Appreciating good coffee is not always about how it looks or where it has been bought from (yes, the origin matters, but there’s more to it!).
There’s something called a sensory profile that comes into play when you are trying to decide whether a coffee is worth its weight in gold. And this is how coffee producers go about assessing, altering, and grading their coffees.
What is a Sensory Profile?
You’ve likely heard of the term 'flavour profile' concerning coffee, which is the mix of tasting notes one can glean when drinking coffee.
A sensory profile is something similar but on a bigger scale. It comprises the aroma, the taste, and the feel of the coffee. These three factors ought to work in tandem to create a seamless experience for the coffee consumer.
Several variables affect a coffee’s sensory profile.
Some of them are the type of coffee beans, roasting method, duration of the processing, the origin of the coffee, etc.
How Do Roasters Identify This?
Coffee production may vary depending on the region, but every producer has their way of assessing the crop and fine-tuning steps in the process to alter the flavours of the coffee.
The purpose of assessing the sensory profile is not just to grade the coffee and ensure quality but also to determine the price that it can be sold for.
You’ll soon learn why coffee-making is not just an art but a distinct science too!
One of the first indicators that roasters focus on while thinking of sensory profile is the terroir.
This is a French term that refers to a series of environmental conditions, which affect a crop’s makeup. Don’t worry; we’re not going to get into too much detail. But you should know that the terroir includes climate, soil, topography, surrounding plants, and so on.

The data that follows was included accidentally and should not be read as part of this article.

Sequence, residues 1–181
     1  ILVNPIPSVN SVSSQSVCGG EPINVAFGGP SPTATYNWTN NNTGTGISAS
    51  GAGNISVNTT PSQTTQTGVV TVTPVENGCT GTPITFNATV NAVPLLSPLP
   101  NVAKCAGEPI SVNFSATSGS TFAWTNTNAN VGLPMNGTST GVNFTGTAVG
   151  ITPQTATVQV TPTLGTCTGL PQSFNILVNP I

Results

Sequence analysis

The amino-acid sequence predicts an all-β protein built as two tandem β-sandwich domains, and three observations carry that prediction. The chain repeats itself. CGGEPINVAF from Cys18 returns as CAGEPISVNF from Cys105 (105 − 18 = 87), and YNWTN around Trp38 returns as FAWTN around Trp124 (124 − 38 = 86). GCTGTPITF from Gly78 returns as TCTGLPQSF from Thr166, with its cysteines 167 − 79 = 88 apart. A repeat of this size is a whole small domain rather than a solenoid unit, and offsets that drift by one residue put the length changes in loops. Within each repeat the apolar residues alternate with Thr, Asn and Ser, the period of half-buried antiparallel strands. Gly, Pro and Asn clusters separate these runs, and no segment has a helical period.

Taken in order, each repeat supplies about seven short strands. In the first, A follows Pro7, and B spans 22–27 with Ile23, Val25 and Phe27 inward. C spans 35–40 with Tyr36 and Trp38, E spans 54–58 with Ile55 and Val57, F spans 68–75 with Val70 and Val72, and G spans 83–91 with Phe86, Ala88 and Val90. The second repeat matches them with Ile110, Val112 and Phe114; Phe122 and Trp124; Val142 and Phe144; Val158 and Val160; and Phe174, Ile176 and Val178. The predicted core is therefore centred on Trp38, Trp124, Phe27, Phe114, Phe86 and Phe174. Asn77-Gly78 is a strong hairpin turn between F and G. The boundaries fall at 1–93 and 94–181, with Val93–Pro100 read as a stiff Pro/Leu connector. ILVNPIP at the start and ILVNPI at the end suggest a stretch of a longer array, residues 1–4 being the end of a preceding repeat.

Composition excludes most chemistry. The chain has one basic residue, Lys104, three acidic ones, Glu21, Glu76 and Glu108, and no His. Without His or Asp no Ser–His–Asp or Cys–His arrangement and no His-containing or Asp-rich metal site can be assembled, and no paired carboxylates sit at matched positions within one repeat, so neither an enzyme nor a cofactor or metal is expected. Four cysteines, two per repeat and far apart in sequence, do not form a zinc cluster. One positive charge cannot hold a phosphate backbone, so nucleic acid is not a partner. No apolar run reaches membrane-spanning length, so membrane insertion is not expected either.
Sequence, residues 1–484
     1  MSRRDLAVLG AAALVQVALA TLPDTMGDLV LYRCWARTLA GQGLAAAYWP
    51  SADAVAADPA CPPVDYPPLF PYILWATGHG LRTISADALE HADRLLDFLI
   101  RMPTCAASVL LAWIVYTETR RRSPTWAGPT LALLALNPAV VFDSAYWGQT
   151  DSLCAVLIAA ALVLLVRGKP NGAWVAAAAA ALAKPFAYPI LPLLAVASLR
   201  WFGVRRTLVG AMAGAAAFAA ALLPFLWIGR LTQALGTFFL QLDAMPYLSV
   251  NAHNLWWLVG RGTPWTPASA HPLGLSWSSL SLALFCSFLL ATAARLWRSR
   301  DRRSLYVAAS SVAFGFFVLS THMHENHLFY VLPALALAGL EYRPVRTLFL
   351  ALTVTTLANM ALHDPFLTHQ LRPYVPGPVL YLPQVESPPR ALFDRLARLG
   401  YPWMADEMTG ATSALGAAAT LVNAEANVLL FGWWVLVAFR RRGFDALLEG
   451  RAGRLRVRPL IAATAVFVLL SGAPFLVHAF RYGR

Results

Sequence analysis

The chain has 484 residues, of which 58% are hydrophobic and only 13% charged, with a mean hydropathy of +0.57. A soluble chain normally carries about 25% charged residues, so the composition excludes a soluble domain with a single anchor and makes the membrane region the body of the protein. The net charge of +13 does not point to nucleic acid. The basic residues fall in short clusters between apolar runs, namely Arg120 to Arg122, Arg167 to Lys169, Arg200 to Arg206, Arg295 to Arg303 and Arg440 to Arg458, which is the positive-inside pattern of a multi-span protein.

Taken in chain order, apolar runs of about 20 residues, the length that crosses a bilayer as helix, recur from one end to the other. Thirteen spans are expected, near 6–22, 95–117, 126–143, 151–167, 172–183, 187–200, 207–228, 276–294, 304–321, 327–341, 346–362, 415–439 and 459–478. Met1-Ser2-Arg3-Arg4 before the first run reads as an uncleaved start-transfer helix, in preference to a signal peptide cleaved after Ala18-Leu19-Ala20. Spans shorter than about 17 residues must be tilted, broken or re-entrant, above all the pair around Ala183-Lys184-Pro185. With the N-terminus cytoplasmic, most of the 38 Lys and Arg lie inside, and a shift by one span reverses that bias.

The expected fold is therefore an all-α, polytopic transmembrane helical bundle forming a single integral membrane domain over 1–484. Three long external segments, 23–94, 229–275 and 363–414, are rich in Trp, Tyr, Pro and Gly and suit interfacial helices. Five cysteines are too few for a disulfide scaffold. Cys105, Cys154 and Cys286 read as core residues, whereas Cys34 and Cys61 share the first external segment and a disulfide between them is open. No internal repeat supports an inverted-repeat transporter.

Seems like too many variables, right? That cup of coffee you enjoy every day has had an even more flavourful journey.
The coffee producers then consider elements like rainfall, pests or any plant diseases. They even analyze the plot where the coffee has been grown to understand its characteristics, for example, the nutrient levels in the soil.
Even minute changes in the terroir affect the quality of the coffee.
With all of this knowledge forming the backbone of their assessment, roasters can deduce how each cup’s taste results from specific factors.
Cupping is a technique of tasting brewed coffee. Also known as cup tasting, it is done by coffee producers and professional tasters, who are often referred to as Q Graders.
When tasting a sample of coffee, roasters evaluate the experience based on parameters relevant to olfaction and taste.
For starters, aroma, fragrance, aftertaste, and nose are all aspects that provide information about the vapours emanating from coffee.
You may be wondering what the difference is. Aroma has to do with freshly brewed coffee, whereas fragrance is about freshly roasted coffee.
The nose provides insight about what vapours a coffee drinker would identify when they are about to swallow the coffee, and the aftertaste is made up of the vapours that remain once the coffee is swallowed.
Similarly, body, smoothness & thickness are factors that contribute to the taste of coffee. The body has to do with how heavy the coffee feels.
Smoothness and thickness result from the presence of fats and suspended solids in the coffee, respectively.
This is just how some roasters go about identifying the sensory profiles in coffee.
We at Beancraft have also done a great deal of experimenting with different blends and flavour profiles.
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